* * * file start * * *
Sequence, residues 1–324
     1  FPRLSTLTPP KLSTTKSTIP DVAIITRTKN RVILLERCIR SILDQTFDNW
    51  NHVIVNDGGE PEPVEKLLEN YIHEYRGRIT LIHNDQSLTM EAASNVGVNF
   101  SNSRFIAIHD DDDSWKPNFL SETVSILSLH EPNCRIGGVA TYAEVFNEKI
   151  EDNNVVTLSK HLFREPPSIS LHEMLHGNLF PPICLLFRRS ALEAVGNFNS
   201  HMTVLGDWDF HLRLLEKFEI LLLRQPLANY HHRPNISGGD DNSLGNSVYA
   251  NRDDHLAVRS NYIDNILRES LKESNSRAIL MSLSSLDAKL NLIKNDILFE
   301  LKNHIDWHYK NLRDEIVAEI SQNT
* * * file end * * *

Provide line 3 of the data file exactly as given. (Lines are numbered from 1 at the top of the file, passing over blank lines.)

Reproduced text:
    51  NHVIVNDGGE PEPVEKLLEN YIHEYRGRIT LIHNDQSLTM EAASNVGVNF